Applying your perfume is a routine daily gesture. For lovers of scents, these musky, fruity or even woody fragrances represent a second skin. But do you really know the manufacturing secrets of your perfume bottle? The perfume industry is redoubling its ingenuity to surprise our olfactory sensations. Let's learn together the process of making a perfume during an article.
In the same way as cosmetic products, raw materials are at the origin of the composition of a perfume. The raw materials used by perfumers include fruits and flowers.
Perfumery uses a wide variety of floral species. Some flowers require specific treatment because of their fragility. This is the case, for example, of jasmine and rose.
For their part, the fruits also occupy an important dish. Citrus fruits are among the most popular fruits. Perfumers exploit their bark in particular.
In addition to flowers and fruits, some perfumes also use woody and spicy materials. They come from the exploitation of the bark of trees and spices like cinnamon and ginger.
Raw materials of animal origin also enter into the composition of a perfume. They are used for base notes. Perfumers exploit in particular musk, an odorous secretion present in male perfumes.
In addition, synthetic raw materials make up some perfumes. Odors come from chemical molecules concocted in laboratories. Synthetic odors can be a reproduction of natural odors or an invention of a new scent. Currently, a perfume contains up to 90% synthetic odors.
Methods of making perfume
In the case of a natural perfume, the exploitation of the raw materials is carried out in two ways, namely extraction and distillation.
Distillation refers to a process of extracting perfume through the use of water vapor in a still. Imagine the still as a giant steel tank fitted with serpentine pipes. This container accommodates the plants as well as a large quantity of water: 5 to 10 times their volume.
The still is then subjected to pressure in order to boil the water and produce steam which carries with it the smell of the plants. The steam then passes through the coil. When it cools, this vapor becomes an essential oil. This process is used in particular for the extraction of ylang-ylang.
Extraction is defined as the infusion of raw materials in a mixture of water and solvent. The process takes place at 60°C. Before, perfumers used oil as a solvent. Currently, they favor volatile solvents such as carbon dioxide, methanol or even ethanol.
The infusion produces an evaporation which leads to obtaining the "concrete". The latter is mixed with the alcohol in order to remove the oily part. At the end of this process, we obtain the absolute.
The choice of solvent depends on the plant used. Thus, carbon dioxide is favored for the extraction of low-odor materials such as spices and bark.
Absolute is often used in perfumery as a base note while essential oils act as top notes.
Despite technological progress, perfumery cannot be separated from human know-how. Indeed, great perfumes all result from the hard work and inventiveness of great noses. The term “nose” designates here the professional whose mission is to invent a new fragrance.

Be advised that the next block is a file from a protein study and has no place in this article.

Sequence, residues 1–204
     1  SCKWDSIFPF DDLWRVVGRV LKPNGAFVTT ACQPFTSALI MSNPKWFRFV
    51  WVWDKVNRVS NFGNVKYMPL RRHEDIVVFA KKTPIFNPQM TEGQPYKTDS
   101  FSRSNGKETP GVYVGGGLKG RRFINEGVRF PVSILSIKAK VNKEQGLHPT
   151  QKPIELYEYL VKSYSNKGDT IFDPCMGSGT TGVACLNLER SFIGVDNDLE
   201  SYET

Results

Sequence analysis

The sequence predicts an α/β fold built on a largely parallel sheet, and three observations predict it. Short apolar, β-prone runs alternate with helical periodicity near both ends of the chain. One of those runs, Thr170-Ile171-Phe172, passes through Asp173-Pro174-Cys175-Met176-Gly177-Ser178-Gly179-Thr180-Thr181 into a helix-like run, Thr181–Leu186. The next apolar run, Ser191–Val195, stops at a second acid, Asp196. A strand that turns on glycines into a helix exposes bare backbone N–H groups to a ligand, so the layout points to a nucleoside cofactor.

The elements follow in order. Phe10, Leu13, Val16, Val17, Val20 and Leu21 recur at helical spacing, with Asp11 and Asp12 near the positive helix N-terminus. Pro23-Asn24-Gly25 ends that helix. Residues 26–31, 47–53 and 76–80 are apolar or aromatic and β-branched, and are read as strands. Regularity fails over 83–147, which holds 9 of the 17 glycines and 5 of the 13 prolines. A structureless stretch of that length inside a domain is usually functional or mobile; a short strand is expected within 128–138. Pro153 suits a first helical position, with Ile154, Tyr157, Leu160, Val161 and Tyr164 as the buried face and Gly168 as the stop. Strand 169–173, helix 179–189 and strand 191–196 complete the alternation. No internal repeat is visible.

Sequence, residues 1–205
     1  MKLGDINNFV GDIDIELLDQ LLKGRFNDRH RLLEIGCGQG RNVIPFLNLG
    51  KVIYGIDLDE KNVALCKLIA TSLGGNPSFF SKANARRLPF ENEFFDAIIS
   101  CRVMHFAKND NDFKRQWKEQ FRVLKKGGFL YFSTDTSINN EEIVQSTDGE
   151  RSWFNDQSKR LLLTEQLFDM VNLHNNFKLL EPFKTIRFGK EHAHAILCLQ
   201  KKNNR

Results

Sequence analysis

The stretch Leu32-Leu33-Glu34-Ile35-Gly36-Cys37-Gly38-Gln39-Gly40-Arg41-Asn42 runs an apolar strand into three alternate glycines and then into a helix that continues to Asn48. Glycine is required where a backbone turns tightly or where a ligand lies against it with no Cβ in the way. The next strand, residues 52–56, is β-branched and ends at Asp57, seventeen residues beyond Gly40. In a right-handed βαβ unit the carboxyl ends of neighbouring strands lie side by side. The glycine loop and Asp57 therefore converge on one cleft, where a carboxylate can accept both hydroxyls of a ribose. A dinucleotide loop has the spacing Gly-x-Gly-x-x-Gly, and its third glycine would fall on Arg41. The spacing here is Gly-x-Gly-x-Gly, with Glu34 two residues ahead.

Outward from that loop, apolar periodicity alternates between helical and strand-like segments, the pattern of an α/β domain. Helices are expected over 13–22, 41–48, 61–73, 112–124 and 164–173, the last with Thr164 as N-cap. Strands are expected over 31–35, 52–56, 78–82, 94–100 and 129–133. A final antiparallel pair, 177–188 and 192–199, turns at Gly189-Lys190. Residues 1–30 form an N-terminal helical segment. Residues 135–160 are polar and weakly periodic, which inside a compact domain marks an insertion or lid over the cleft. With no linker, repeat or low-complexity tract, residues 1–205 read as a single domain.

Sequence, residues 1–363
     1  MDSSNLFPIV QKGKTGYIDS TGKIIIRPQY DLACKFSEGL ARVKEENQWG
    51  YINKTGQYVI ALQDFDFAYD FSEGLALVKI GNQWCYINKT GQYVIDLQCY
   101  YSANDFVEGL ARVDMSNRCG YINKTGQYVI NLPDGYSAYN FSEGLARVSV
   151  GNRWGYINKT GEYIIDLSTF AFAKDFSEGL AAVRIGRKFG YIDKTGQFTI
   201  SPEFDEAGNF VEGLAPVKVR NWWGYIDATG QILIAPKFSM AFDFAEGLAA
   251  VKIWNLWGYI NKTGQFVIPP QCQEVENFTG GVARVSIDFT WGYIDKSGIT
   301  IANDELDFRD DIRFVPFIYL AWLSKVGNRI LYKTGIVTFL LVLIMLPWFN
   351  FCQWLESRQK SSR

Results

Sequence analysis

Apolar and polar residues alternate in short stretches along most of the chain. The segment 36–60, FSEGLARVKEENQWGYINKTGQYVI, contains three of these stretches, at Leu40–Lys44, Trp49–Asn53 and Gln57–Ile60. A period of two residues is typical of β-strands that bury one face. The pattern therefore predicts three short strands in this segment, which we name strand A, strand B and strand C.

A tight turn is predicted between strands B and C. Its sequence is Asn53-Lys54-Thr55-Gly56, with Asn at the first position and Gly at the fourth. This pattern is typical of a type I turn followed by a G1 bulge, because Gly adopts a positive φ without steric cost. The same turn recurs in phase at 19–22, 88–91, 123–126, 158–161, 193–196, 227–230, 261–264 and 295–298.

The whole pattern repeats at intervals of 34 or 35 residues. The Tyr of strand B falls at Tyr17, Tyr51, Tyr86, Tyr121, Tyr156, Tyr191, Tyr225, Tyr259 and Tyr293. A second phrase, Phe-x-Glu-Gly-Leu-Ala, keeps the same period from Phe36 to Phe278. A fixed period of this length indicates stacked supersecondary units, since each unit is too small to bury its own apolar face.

These experts have an extraordinary sense of smell. To do this job, a great nose must memorize thousands of smells. Your games of odors in family seem very ridiculous compared to their profession.
Did you know that a nose has four times more ability to identify an odor than a normal person? This unique ability makes them real conductors in the creation and composition of the greatest perfumes such as Thé Vert.
The major notes
The perfumer creates a perfume like a musician composes notes. However, perfumery identifies only three types of notes: the top note, the heart note and finally the base note.
This delicate scent that you smell on the first vaporization is the top note. This fleeting scent is then reinforced so that the sense of smell can smell it for four to six hours. You owe this tenacity of your perfume to the heart note. These notes generally come from floral essences such as lily of the valley.
Finally, the base note represents the base of your perfume. We owe him that smell that soaks into the skin, the one that reinforces your sensual side, etc. The base note has a persistence of about 24 hours. It often involves the use of more powerful scents such as musk or sandalwood. Some perfumers use very strong aromas such as vanilla or mint.
Manufacturing on an industrial scale
Once the raw material has been transformed into perfume, then comes industrial production. This step involves mixing gasoline with alcohol. This component determines the type of product produced.
The fragrance belongs to the range that registers the low presence of alcohol. Then there is the eau de parfum and the eau de toilette. These two have a concentration rate between 10 to 20%. Finally, cologne has the lowest rate of perfume concentration. However, it is also composed of water.
The perfumes are obtained from the mixture of essential oils and alcohol in stainless steel tanks. When the juice is macerated, you can find them in your usual bottles.
Some interesting figures on the manufacture of perfume
Did you know that to get one kilogram of essential oil you need at least 3 tons of rose petals? For one kilogram of lavender oil, you need 200 kg of flowers.
Furthermore, lily of the valley is one of the few flowers that cannot be extracted. The smell of lily of the valley that you smell in your perfumes is of synthetic origin. Conversely, laboratories have not yet found the recipe to reproduce the smell of patchouli.
35% of perfumes in perfumeries contain musk. This smell is particularly present in men's perfumes. In the past, musk was of animal origin, that is, from the male deer. Today, perfumers manage to reproduce the smell in the laboratory.
Perfumers have a vast repertoire of natural ingredients, more than 400, and synthetic molecules, more than 3,000.